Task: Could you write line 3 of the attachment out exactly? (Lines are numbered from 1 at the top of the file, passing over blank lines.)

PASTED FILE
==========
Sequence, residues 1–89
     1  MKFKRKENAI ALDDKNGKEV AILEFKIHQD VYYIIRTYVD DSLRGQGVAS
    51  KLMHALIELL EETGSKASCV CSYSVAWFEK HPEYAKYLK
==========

    51  KLMHALIELL EETGSKASCV CSYSVAWFEK HPEYAKYLK